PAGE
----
November 25, 2002

LifeWay Explore the Bible Series for Dec. 8

Jesus prepares his disciples for his departure
___ John 14:1-14, 18-24, 27-31
___By Robert Creech
___University Baptist Church-Clearlake, Houston
___As Jesus prepares to face the hour of suffering/glory the Father destined for him, he also prepares his disciples for succeeding in his absence.
___His final discourse is intentional and focused. He shares the indispensable truths that will allow disciples down through the ages to live confidently in the world. Jesus interweaves key topics like a tapestry. Chapter 14 continues the discourse and introduces several of the central themes.
___Since he has spoken to them cryptically of death, both his (13:33) and Peter's (13:36), he now offers the comfort that comes through hope in eternal life. Their hearts are to be calm, despite the current crisis. Judas is betraying him. Peter will de
ny him. He is going to a place where they cannot now follow.
___This is all terribly confusing and disturbing to Jesus' friends. Yet he offers words of hope and comfort: "Do not let your hearts be troubled. Trust in God; trust also in me" (14:1). When the anxiety produced by troubling circumstances causes their world to shake, Jesus urges his disciples to take hold by faith of something (Someone) immovable. This trust will provide the gift of peace they need (14:27; 16:33).
___The hope Jesus offers is the promise that his departure does not mean permanent separation for himself and his followers. He is going to prepare a place for them so that they can later join him in the Father's presence (14:2-3; 17:24). He affirms that they know the way (road) to his Father's house (14:4).
___During this discourse, Jesus' disciples interrupt him seven times, often with questions or statements that indicate their struggle to grasp his meaning (13:36, 37; 14:5, 8, 22; 16:17-18, 29-30). Thomas is the first to do so. He declares none of them is clear about Jesus' destination, and so they cannot be clear on the road that will take them there (14:5).
___Jesus' response is similar to earlier claims he has made. When he spoke of "the true bread from heaven," the crowds pleaded, "Sir, from now on give us this bread" (6:32-34). Jesus' reply was, "I am the bread of life" (6:35). When Martha affirmed her hope in Lazarus' participation in the resurrection at the last day, Jesus declared: "I am the Resurrection and the Life" (11:24-25).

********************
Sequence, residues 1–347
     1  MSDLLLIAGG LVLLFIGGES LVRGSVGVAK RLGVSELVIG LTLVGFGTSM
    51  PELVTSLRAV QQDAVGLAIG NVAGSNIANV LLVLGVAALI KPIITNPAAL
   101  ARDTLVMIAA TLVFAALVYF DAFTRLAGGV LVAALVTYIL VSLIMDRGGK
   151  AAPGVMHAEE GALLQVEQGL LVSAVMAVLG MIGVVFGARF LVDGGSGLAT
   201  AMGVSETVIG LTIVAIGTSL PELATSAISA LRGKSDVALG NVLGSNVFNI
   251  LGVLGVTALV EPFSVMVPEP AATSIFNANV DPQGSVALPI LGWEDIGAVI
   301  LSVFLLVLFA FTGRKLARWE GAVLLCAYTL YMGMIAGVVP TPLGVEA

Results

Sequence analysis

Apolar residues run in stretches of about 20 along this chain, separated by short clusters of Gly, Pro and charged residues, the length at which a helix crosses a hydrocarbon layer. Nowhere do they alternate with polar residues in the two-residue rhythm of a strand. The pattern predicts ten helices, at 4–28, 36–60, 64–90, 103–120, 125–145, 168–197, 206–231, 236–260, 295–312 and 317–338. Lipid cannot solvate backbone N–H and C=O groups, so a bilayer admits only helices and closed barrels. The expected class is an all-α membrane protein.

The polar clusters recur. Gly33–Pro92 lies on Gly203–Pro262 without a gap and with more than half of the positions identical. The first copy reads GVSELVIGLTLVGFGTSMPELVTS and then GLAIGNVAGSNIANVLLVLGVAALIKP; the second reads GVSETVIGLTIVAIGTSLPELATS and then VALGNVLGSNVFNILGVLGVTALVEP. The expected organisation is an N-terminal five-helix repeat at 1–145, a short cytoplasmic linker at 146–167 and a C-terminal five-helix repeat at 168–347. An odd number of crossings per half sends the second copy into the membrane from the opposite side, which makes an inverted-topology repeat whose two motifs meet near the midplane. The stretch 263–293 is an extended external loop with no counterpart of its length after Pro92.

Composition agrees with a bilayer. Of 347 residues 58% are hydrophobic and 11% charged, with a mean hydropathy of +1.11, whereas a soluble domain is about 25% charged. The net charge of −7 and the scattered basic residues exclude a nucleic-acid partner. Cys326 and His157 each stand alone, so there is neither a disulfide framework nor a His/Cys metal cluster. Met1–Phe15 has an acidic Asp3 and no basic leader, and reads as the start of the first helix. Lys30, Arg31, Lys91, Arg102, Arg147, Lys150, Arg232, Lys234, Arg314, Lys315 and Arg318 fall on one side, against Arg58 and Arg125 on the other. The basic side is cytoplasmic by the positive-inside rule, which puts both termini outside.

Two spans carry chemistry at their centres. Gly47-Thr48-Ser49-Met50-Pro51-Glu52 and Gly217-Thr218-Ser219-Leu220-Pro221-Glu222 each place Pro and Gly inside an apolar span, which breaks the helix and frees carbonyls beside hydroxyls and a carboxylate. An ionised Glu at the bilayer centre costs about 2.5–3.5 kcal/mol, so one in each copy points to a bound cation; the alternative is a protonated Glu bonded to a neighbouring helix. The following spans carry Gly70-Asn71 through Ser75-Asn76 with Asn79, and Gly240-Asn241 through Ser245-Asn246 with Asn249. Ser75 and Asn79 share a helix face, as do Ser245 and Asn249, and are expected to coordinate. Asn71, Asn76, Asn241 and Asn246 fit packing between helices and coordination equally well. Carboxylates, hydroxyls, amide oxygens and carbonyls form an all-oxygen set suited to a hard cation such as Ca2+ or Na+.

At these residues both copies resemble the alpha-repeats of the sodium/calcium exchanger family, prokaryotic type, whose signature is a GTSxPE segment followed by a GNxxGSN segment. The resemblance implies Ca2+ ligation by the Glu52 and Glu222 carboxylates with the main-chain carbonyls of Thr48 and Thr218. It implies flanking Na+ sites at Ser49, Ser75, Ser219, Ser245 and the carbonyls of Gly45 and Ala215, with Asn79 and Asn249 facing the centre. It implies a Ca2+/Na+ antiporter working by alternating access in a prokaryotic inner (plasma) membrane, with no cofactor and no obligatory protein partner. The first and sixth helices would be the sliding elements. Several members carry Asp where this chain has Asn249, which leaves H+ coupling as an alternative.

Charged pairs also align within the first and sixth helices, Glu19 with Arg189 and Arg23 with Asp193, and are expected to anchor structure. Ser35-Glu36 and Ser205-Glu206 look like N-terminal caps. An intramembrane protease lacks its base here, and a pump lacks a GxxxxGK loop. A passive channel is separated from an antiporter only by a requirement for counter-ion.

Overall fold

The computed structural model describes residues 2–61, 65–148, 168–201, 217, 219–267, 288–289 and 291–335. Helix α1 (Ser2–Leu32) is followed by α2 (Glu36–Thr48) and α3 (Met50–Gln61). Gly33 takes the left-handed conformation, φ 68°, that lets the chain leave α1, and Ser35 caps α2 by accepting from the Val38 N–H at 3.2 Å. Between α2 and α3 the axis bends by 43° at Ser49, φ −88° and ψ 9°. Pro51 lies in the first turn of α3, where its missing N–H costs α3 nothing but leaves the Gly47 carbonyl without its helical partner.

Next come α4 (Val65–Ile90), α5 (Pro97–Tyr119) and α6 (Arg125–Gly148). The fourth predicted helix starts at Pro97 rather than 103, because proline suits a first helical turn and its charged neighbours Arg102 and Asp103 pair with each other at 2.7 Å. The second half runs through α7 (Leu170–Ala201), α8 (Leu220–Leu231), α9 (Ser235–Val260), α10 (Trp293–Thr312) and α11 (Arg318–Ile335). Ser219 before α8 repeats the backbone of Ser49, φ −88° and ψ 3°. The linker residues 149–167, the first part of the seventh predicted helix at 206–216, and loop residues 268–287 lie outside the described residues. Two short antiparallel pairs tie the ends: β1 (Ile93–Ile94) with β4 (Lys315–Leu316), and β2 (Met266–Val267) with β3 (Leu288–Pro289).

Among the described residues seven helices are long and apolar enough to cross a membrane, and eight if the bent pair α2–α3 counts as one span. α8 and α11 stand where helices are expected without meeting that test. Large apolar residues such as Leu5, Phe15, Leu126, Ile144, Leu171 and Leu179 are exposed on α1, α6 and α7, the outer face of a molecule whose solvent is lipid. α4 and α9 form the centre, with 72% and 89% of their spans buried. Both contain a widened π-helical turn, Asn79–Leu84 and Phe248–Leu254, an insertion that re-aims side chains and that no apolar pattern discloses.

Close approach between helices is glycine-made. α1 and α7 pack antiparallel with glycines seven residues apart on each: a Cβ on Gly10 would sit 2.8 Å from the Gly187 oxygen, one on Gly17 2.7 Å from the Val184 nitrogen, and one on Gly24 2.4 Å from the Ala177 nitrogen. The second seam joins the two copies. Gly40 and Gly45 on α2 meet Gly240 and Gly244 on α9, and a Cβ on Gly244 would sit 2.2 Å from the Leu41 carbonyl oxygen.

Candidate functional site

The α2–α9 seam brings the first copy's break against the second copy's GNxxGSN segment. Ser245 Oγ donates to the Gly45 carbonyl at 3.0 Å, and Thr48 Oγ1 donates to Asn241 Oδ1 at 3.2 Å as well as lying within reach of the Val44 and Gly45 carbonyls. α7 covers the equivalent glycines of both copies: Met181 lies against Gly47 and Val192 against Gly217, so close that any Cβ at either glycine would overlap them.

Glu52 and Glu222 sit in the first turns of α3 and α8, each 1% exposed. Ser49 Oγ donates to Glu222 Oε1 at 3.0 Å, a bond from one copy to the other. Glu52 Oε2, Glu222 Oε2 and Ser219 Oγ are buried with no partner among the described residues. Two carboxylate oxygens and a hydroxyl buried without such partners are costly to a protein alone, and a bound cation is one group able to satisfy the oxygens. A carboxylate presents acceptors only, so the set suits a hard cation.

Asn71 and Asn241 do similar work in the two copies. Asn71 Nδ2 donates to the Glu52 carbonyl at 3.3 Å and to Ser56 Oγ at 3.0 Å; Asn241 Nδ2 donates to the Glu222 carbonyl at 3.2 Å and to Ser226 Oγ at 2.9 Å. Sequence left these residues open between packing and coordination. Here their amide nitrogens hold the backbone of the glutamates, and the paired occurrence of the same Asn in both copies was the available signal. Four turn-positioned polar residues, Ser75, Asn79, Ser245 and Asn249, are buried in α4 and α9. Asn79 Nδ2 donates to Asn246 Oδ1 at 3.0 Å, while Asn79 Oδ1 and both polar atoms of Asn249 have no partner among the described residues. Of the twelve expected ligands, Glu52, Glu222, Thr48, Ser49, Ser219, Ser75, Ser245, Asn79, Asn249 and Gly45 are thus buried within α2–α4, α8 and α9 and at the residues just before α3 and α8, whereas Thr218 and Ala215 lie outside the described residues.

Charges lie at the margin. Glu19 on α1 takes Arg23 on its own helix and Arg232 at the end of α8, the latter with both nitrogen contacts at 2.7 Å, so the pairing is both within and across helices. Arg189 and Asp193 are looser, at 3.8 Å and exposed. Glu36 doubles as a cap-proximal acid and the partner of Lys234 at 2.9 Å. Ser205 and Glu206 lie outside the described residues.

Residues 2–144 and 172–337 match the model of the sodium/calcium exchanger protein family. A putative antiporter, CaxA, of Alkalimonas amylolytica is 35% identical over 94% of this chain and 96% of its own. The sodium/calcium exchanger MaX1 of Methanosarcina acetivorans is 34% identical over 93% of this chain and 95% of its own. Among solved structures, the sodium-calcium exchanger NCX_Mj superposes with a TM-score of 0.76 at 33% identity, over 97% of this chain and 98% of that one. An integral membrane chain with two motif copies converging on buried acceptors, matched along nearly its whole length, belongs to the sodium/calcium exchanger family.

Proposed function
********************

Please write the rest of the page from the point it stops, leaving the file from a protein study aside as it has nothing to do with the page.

___Now, when Thomas is in doubt as to the road leading to the Father's house, Jesus affirms: "I am the way and the truth and the life. No one comes to the Father except through me" (14:6).
___He adds that those who have known him and seen him have already come to know and experience the Father as well. This statement of Jesus is one more of his definitive claims to a unique relationship to the Father and his redemptive purposes.
___Although Jesus has said those who have known and seen him have come to know the Father, Philip chimes in with a request for some more tangible demonstration of the Father's presence (14:8). Jesus reaffirms to his followers what he has previously said to his opponents--his words are the Father's words and his works are the Father's works (14:9-11, 20).
___Among the survival skills Jesus' disciples will require in his absence will be the capacity to rely on God's power through prayer. Jesus touches on that topic for the first time here. Just as his words and works have been those of the Father, so will be those of his disciples as they serve (14:12). The prayer they offer in Jesus' name will be the connection between them and the Father that makes this possible (14:14). Jesus reaffirms this important lesson later in the discourse (15:7, 16; 16:23-24).
___Jesus' disciples will also need to learn well the lesson of obedience. Obedience will be the clear demonstration of the disciple's love for Jesus and for the Father (14:21). Obedience will be the context in which the disciple will continue to encounter Jesus and to know the Father's love and presence experientially (14:21, 23). Failure to obey is simply a failure to love (14:24). Obedience to the Father has been Jesus' way (14:31), and it is to be the way of his followers. Faithful obedience to Jesus is such an important issue for those who claim to be his disciples that he will address it again before this discourse is complete (15:7, 9-12, 17).
___Jesus then returns to the issue of his departure (14:28-30). When he spoke of this to his opponents earlier, they were puzzled and he declared them incapable of understanding (7:33-36; 8:21-24). His disciples seem equally confused by his words, but Jesus is confident that eventually they will understand (14:29). He adds to the crisis the warning that "the prince of this world" is coming. Nevertheless, this prince has no hold on the Son, who is determined to do the Father's will to the end (14:30-31).
___Questions for discussion
___ What do you think Jesus meant by his claim in 14:6 that "no one comes to the Father except through me"? What are the implications of this statement for ministry to adherents of other world religions?
___ How vital do you believe obedience is to the life of a disciple? What areas of your life do you need to align with that belief?

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